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Putin to visit China in May

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Russian President Vladimir Putin will travel to China in May for talks with Xi Jinping, in what could be the Kremlin chief’s first overseas trip of his new presidential term, according to sources familiar with the matter.

Russian President Vladimir Putin shakes hands with Chinese President Xi Jinping during a meeting at the Belt and Road Forum in Beijing, China, October 18, 2023. File picture: Sputnik, Sergei Guneev

By Laurie Chen, Yew Lun Tian and Guy Faulconbridge

BEIJING/MOSCOW – Russian President Vladimir Putin will travel to China in May for talks with Xi Jinping, in what could be the Kremlin chief’s first overseas trip of his new presidential term, according to five sources familiar with the matter.

Western governments on Monday condemned Putin’s re-election as unfair and undemocratic. But China, India and North Korea congratulated the veteran leader on extending his rule by a further six years, highlighting geopolitical fault lines that have widened since Russia’s 2022 invasion of Ukraine.

“Putin will visit China,” one of the sources, who spoke on condition of anonymity, told Reuters. The details were independently confirmed by four other sources, who also spoke on condition of anonymity.

Another of the sources said Putin’s trip to China would probably take place in the second half of May. Two of the sources said the Putin visit would come before Xi’s planned trip to Europe.

The Kremlin, when asked about the Reuters report, said information on Putin’s visits would be released closer to the date.

“Several presidential visits and several high-level contacts are being prepared at the moment,” Kremlin spokesman Dmitry Peskov told reporters. “We will inform you as we get closer.”

China’s foreign ministry did not immediately respond to a request for comment.

China and Russia declared a “no limits” partnership in February 2022 when Putin visited Beijing just days before he sent tens of thousands of troops into Ukraine, triggering the deadliest land war in Europe since World War Two.

The United States casts China as its biggest competitor and Russia as its biggest nation-state threat while US President Joe Biden argues that this century will be defined by an existential contest between democracies and autocracies.

Putin and Xi share a broad world view, which sees the West as decadent and in decline just as China challenges U.S. supremacy in everything from quantum computing and synthetic biology to espionage and hard military power.

PUTIN AND XI

China has strengthened its trade and military ties with Russia in recent years as the United States and its allies imposed sanctions against both countries, particularly Moscow for the invasion of Ukraine.

Foreign diplomats and observers said they expected Putin to make China his first stop after being re-elected. Putin’s formal presidential inauguration is due to take place around May 7.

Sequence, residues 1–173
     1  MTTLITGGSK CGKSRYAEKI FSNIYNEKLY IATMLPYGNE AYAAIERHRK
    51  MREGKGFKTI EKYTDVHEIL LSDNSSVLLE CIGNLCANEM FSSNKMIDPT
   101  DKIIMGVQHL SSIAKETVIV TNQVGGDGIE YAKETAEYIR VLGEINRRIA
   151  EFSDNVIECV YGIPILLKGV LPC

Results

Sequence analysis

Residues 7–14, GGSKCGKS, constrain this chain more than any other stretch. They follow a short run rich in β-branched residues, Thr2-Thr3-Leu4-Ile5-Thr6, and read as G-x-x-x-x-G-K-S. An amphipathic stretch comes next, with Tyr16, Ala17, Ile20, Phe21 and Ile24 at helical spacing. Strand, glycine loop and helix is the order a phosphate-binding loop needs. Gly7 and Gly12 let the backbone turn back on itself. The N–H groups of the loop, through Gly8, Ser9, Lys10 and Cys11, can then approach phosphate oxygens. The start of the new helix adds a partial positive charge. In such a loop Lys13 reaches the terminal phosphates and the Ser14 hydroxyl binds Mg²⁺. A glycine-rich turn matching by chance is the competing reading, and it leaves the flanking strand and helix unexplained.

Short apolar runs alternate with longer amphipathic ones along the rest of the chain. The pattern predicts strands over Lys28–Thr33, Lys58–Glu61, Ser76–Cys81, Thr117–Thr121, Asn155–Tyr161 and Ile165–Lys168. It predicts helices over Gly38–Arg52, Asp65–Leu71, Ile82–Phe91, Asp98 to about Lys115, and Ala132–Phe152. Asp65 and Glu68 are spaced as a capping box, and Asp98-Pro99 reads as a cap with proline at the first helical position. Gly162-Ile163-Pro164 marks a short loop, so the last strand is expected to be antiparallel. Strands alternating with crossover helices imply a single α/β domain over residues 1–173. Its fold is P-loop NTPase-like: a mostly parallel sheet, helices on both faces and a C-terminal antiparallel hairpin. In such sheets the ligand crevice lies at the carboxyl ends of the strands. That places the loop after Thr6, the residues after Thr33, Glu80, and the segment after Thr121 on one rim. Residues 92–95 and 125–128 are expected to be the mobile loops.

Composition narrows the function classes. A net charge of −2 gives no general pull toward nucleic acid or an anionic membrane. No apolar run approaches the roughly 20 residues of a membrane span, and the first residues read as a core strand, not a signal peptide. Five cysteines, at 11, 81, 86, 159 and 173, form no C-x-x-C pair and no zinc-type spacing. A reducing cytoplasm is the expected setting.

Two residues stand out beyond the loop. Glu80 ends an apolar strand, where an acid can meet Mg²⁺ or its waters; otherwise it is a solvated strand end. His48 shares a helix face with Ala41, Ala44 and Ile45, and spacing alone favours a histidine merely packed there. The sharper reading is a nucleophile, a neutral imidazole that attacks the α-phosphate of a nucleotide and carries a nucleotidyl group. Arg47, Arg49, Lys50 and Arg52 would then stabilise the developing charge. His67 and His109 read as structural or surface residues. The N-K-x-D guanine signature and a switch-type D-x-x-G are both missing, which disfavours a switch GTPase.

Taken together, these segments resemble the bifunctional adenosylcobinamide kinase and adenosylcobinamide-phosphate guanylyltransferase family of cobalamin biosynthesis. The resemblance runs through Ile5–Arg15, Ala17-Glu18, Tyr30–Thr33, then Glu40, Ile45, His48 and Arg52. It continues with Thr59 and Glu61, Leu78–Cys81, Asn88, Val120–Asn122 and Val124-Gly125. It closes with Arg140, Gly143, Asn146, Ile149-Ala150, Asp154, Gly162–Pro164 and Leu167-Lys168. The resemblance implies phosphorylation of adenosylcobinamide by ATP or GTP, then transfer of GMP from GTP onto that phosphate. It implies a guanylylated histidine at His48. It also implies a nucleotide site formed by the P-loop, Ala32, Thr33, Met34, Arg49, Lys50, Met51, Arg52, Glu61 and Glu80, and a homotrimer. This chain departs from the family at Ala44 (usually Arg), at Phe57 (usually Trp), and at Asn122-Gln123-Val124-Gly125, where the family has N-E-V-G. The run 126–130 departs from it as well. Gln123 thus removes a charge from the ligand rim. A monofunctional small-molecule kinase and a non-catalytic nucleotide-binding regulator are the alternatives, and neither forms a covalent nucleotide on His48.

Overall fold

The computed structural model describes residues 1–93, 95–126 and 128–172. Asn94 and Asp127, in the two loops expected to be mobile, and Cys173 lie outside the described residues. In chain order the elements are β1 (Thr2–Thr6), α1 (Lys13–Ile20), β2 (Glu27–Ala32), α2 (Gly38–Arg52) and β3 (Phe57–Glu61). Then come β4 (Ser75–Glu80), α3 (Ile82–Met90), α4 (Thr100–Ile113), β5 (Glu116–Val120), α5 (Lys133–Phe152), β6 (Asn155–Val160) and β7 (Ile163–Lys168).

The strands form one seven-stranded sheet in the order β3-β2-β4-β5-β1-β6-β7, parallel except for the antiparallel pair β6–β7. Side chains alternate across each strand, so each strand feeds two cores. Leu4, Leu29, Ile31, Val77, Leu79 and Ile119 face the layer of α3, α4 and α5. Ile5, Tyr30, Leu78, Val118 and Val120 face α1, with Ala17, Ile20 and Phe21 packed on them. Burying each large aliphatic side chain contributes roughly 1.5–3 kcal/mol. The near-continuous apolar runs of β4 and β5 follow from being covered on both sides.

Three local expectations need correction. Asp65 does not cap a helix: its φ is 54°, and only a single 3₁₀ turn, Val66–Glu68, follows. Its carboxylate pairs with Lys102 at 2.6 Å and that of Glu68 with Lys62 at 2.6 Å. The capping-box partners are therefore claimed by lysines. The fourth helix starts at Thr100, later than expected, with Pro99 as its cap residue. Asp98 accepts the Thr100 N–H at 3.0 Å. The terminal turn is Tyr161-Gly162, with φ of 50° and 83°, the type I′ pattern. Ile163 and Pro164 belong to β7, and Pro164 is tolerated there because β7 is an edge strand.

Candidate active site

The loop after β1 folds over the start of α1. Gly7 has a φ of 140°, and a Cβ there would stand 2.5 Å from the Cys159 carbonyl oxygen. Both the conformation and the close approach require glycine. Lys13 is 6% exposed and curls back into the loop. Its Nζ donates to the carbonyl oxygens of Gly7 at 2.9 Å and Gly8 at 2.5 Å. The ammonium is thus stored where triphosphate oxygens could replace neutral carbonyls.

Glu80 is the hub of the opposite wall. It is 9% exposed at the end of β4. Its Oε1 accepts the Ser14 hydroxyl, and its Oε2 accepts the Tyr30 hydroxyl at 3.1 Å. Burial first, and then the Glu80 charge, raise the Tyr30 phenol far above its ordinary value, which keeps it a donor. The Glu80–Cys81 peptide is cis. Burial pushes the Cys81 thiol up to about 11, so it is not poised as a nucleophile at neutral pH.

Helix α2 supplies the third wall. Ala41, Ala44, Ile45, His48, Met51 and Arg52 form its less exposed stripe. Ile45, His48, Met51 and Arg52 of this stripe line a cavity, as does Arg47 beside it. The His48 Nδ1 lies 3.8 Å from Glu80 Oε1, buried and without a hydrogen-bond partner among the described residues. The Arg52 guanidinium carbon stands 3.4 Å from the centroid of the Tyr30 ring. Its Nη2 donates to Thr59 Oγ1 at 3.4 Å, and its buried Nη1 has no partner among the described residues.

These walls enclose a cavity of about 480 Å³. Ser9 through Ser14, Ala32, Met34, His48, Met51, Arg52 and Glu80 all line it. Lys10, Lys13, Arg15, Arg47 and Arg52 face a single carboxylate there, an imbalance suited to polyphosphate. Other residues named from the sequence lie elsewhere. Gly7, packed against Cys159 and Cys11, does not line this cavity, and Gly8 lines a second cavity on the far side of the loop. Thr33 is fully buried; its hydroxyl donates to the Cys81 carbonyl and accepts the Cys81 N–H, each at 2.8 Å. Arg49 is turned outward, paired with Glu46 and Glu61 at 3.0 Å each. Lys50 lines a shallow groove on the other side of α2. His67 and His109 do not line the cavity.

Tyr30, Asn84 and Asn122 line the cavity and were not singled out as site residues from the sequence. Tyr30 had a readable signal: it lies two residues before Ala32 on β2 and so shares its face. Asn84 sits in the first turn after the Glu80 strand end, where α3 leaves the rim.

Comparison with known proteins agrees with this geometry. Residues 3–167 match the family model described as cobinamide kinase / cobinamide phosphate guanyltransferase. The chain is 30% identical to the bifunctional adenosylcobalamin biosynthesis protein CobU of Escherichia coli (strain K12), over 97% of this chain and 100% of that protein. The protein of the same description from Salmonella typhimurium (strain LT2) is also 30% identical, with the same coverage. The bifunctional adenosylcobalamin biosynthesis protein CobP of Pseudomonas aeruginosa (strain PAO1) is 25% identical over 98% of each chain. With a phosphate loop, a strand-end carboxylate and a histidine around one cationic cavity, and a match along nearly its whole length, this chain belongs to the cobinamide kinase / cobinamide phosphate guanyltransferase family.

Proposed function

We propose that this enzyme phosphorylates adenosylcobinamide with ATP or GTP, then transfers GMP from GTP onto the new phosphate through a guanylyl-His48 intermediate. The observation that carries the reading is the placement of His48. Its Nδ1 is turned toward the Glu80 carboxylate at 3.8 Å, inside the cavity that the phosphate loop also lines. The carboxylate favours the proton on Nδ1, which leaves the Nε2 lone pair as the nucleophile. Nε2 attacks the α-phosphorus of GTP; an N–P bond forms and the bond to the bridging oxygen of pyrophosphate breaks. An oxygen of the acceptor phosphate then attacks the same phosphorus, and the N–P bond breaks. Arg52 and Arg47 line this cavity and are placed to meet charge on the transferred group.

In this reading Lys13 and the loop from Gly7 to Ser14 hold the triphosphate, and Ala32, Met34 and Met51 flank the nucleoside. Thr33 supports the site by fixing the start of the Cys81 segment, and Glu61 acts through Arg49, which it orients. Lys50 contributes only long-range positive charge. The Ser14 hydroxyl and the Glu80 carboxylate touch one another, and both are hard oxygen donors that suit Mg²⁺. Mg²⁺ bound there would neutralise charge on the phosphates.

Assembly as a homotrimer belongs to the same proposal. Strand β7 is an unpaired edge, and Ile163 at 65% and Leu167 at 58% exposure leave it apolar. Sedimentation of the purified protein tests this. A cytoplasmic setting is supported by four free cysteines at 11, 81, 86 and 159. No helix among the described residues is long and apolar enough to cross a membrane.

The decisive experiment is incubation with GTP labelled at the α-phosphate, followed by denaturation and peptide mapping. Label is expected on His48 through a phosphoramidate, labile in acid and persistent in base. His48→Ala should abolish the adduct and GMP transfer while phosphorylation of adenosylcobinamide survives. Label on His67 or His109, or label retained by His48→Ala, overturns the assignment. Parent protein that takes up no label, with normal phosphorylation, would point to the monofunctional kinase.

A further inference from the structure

Putin told reporters on Sunday that Russia and China shared a similar global outlook and enjoyed resilient relations in part due to his good personal relations with Xi, and that Moscow and Beijing would develop ties further in coming years.

Xi visited Russia in his first post-pandemic overseas trip in March last year, shortly after commencing his precedent-breaking third term as Chinese president.

The two leaders have often touted their close personal friendship and have met over 40 times, most recently in October when Putin was the guest of honour at China’s Belt and Road summit in Beijing.

China-Russia trade hit $218.2 billion during January-November, according to Chinese customs data, exceeding a goal to increase bilateral trade to over $200 billion by 2024 that was set by the two countries.

Xi, in a call with Putin last month, said both sides should resolutely oppose interference in domestic affairs by external forces, indicating the U.S.

Chinese vice foreign minister Sun Weidong said bilateral ties were “at their best in history” when meeting his Russian counterpart in Moscow last month, according to a Chinese foreign ministry readout.

China is considering taking part in a peace conference aimed at ending the war in Ukraine to be hosted by neutral Switzerland in the coming months, its ambassador to Bern told local media on Monday.

Beijing launched a 12-point Ukraine “peace” plan last year but so far has not taken significant steps to resolve the conflict besides attending Western-led peace talks in Jeddah last summer.

China’s special envoy for Eurasian affairs Li Hui met officials in five European capitals including Moscow and Kyiv earlier this month.

– REUTERS

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